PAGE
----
Category Archives: Christianity

An Alternative to Perfunctory Forgiveness

My foray into A Course in Miracles (Acim) the past year and a half has been very helpful in learning to view reality, including my faith, through a more critical prism.  One of the most important lessons has been about forgiveness which is more than the perfunctory “performance art” forgiveness that I have been accustomed to.  This “performance art” forgiveness is when you forgive someone who has offended you because that is the thing you are supposed to do.  You have learned that when someone has “been naughty” to you, it is your Christian duty to forgive them, especially if they ask you to.  But Acim teaches that forgiveness goes much deeper than social obligation into the depths of the heart where you recognize that in an important sense you and the offending party are one, that “there go I but by the Grace of God.”  You forgive because you realize that you are connected to that person, are “cut from the same bolt of cloth,” and are in some sense guilty of the same offense.

Performance art forgiveness is often a transaction of power.  You are the bastion of moral virtue and godliness and before you is the lowly miscreant seeking absolution.  The miscreant walks away comforted with your forgiveness and you walk away basking in the comfort of knowing that you have, once again, been noble and Christian.  Acim teachings put each party on a level playing field…and that is where the teachings of Jesus want us to be with others. His teachings were intended to be a great equalizer among humankind, not as a means to facilitate some of us being “noble” and others “not so much.”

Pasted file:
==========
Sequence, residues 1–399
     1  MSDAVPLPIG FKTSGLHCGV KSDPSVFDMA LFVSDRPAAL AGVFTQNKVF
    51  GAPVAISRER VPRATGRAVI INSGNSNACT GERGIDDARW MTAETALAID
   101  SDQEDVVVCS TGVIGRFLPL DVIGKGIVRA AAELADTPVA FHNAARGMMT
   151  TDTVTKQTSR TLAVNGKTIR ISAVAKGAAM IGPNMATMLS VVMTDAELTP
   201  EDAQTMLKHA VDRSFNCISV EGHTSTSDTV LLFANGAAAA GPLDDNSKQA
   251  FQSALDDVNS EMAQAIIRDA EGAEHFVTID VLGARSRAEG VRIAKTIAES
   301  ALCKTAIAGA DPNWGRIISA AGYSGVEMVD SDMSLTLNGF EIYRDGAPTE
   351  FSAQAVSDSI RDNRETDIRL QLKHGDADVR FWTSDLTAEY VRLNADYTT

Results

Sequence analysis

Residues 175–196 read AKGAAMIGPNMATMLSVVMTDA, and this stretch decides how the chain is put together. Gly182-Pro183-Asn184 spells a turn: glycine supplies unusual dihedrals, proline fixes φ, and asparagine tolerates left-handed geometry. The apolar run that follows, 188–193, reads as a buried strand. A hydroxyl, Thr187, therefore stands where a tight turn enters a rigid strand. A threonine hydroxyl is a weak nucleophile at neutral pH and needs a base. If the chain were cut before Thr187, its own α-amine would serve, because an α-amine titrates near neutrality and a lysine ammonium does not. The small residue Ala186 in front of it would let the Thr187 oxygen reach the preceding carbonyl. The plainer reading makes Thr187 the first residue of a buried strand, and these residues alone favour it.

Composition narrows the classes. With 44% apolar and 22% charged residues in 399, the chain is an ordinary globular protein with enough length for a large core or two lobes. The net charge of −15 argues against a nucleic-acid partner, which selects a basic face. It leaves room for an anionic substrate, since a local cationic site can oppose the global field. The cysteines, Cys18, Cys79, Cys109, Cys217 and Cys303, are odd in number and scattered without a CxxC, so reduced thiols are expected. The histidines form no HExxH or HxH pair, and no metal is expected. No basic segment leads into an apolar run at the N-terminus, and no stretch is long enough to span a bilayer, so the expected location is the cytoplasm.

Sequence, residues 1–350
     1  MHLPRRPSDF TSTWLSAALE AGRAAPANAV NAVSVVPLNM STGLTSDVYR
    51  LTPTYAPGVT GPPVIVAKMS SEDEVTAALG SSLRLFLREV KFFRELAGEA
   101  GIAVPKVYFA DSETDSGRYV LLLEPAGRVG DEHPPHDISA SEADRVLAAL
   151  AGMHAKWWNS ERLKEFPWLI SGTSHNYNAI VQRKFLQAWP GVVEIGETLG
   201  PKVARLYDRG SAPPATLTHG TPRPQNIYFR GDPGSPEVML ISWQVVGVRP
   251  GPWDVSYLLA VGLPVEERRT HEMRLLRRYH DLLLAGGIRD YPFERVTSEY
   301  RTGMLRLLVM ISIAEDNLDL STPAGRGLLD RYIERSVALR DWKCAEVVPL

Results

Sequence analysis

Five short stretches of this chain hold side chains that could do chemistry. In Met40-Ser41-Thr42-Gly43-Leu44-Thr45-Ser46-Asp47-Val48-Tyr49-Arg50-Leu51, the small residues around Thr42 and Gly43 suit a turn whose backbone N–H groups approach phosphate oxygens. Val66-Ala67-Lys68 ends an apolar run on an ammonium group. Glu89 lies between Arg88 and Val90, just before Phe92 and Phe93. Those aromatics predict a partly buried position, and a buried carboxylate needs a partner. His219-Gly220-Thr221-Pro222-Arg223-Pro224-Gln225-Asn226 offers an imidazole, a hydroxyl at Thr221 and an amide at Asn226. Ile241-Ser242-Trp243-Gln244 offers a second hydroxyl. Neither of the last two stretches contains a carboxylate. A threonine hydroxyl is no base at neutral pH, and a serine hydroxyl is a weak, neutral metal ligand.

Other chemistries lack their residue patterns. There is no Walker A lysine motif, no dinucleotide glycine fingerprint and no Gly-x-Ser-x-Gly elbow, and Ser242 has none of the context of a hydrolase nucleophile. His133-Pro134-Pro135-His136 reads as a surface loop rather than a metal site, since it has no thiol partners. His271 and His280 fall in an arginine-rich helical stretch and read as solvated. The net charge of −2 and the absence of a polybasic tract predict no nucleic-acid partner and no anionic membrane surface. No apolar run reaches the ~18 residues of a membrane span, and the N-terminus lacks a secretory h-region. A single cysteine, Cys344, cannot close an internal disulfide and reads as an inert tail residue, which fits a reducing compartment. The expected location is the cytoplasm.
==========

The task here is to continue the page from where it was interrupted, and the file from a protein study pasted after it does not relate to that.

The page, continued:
But performance art forgiveness, and the whole of performance art faith, has its place in human affairs functioning kind of like a set of training wheels on a bicycle. And perfunctory forgiveness is better than none at all and, if given a little thought and humility, can lead to the understanding taught by the Course.

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Here is a list of my blogs.  I invite you to check out the other two sometime.

https://anerrantbaptistpreacher.wordpress.com/

https://literarylew.wordpress.com/

https://theonlytruthinpolitics.wordpress.com/

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The Danger of Biblical Literalism

Bishop John Shelby Spong in “Rescuing the Bible from Fundamentalism” has argued forcefully that Biblical literalism is a fundamental threat to Christianity.  This notion is anti-thetical to everything I was taught in my youth but now as I age I find it weighing on me to join Spong…and others…in weighing in with my two cents.  Biblical literalism reflects the sin of misplaced concreteness, mistaking the symbol for the thing which it represents.  Thus the Bible, certainly Holy Writ, becomes a barrier to hearing what the various people contributing to the Bible were trying to say as well as the One we credit with writing the Bible in the first place.  The bible is used to avoid the Bible just as god is used to avoid God, and our grasp of who we are is used to avoid the inner essence, i.e. experience, of who we are.  Our culture teaches us to live on the surface, to look no deeper than the surface, and this mandate applies also to religion even though it is so convenient to think otherwise.  It is convenient, and often fashionable to subscribe to “easy believism” that doesn’t cost anything substantial yet will provide in religion a social accoutrement that many of us find necessary, much like a nice suit of clothes. It is another thing to “have religion” that penetrates into the very depths of our being, shakes us to the core, challenges our preconceptions, and brings us to the point where we can but “glory, bow, and tremble.”  Meaningful religion, in short, brings us face to face with our human-ness, including our mortality. This “easy believism” is now egregiously manifest in our culture with the throngs of conservative Christians who have pledged their troth to a political leader who is the antitheses of everything Jesus stood for.  Yes, cursed like Trump with the same inability to acknowledge fault, they “stand by their man” even as his perfidy and moral obtuseness becomes more obvious; for, to do otherwise would be to acknowledge, “Oh, well maybe God wasn’t leading me to support him.  Maybe it was just my own personal lust for power and glory.”